From the Marines to U-M

Leona Keller
11/11/19

Don’t tell Leona Keller she can’t do something.

Keller planned on serving her country after graduating high school, but she didn’t know which service branch to enlist in. She kept hearing she wouldn’t make it as a Marine, so she decided to prove her doubters wrong.

Ten days after graduating from Warren Township High School in Gurnee, Illinois, Keller found herself lacing up her boots in Parris Island, South Carolina, ready for three months of boot camp. She then completed her Military Occupation Speciality (job training) and was stationed at Marine Corps Base Camp Pendleton, where she served for five years.

She quickly rose to the rank of Sergeant, directing more than 40 Marines and overseeing their timely completion of assigned tasks.

Not knowing what she wanted to do after graduating high school, Keller’s time in the Marines helped her focus on pursuing a degree in Movement Science. “I could have told you, if it wasn’t math, I would’ve done anything,” she said. What solidified her choice were the athletic trainers and physical therapists in the therapy clinics she visited for rehab.

From there, she started researching Kinesiology programs, which led her to U-M.

Now she is a senior majoring in Movement Science.

Keller said it was an adjustment getting back into schooling after spending six years away from the classroom. She discovered the Comprehensive Studies Program through the U-M College of Literature, Science and the Arts, which helped her enroll in smaller classes and connect with professors, and made connections with other veteran’s through U-M’s Veterans and Military Services.

“It’s nice to have a support system of people who know what you’re going through,” she said. “So that definitely makes it easier to succeed in your classes.”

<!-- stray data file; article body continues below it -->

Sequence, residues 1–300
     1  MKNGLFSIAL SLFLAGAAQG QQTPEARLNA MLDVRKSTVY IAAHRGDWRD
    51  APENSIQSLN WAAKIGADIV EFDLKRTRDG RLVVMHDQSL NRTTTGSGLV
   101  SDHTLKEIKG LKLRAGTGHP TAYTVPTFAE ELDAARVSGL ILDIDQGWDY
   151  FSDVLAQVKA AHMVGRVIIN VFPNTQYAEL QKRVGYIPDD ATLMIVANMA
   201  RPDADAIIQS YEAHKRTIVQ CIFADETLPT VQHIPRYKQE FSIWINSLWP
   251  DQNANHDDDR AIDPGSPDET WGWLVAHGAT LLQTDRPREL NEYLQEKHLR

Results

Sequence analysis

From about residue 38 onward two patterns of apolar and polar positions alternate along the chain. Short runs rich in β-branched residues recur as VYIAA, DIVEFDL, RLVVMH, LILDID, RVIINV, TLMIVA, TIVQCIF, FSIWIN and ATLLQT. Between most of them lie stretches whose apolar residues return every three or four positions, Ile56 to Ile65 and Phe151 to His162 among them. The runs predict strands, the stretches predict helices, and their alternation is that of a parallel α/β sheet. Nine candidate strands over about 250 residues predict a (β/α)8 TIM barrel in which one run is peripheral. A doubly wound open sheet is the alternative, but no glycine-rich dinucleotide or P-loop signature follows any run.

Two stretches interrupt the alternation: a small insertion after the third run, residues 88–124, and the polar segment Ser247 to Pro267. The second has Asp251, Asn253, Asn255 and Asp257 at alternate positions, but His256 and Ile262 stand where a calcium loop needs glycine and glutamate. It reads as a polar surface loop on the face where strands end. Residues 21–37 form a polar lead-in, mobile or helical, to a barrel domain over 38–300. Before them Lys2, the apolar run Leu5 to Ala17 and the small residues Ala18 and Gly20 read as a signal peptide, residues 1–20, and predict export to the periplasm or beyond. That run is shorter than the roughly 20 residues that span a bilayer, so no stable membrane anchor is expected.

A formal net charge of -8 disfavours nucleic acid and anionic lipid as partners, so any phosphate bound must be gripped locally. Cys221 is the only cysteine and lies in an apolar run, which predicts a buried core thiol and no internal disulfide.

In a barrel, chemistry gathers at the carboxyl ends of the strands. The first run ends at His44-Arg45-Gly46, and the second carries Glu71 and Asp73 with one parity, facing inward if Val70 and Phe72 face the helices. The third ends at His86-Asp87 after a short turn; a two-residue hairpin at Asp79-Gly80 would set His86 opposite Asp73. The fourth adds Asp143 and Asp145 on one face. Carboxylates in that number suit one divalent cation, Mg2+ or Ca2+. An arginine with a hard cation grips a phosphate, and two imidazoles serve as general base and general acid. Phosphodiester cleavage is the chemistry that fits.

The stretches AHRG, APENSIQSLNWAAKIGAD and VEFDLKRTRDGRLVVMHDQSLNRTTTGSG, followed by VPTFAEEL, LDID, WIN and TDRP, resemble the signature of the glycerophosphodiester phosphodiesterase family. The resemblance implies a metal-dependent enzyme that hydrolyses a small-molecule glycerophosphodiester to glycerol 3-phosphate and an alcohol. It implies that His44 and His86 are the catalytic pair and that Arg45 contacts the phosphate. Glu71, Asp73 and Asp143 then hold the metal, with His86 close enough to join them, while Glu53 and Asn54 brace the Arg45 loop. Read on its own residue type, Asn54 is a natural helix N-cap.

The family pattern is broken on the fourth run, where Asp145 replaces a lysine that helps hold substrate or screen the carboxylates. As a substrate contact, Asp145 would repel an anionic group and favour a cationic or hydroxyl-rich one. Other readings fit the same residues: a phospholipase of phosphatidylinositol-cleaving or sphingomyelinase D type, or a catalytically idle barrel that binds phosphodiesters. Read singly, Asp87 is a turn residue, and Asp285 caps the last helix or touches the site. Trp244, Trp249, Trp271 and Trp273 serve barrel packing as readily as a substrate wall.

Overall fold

Now, Keller is returning the favor by serving as a Peer Advisor for Veteran Education. She works with freshmen and transfer veteran students who are new to U-M.

“I had a peer advisor myself and they guide you through Michigan – places to study, places to eat, things to do when you get here. I think having that peer help you out, take your hand, take you through the ropes, show you how it’s done, it’s definitely beneficial,” she said.

Keller also joined the Student Veterans Association.

“It’s good to have people that you can hang out with and socialize with,” she said. “I feel like, a lot of times, military members, we’re not as free with things we would say with people who haven’t served in the military. Then when we’re around the people who have, that’s also a good way to be yourself.”.

One skill the Marines taught her was time management. 

“I know when I have to do certain things. Being at Michigan, it’s kind of sink or swim. In that sense it’s good for me because I know what I need to do in order to succeed,” she said. “And I make sure I get it done and I don’t need someone sitting on my shoulder being like ‘you need to do this.’”

Right now, Keller is doing an independent study in the Child Movement, Activity, and Developmental Health Laboratory measuring the effectiveness of yoga interventions on preschool children. She is assisting with data entry and collection.

“In our classes, we read tons of scientific articles and you see what they’re doing. But reading isn’t the same as you’re the one testing, you’re taking the data, you’re importing it, you’re analyzing it,” she said. “It’s been awesome to find out more about research firsthand, which was one of the reasons why I wanted to come to Michigan because they have so many opportunities for you to get involved in research.”

Keller’s plan is to get her master’s in Athletic Training while continuing to do the research she has grown to love. She is looking into programs that offer similar opportunities as U-M. “I’ll be able to use a lot more of my Movement Science background,” she said. “I’ll be able to use biomechanics, exercise physiology. I feel like I have a great background to go into it. So I’m really excited to be able to use Movement Science and the knowledge I’ve learned, and apply it to something kind of different.”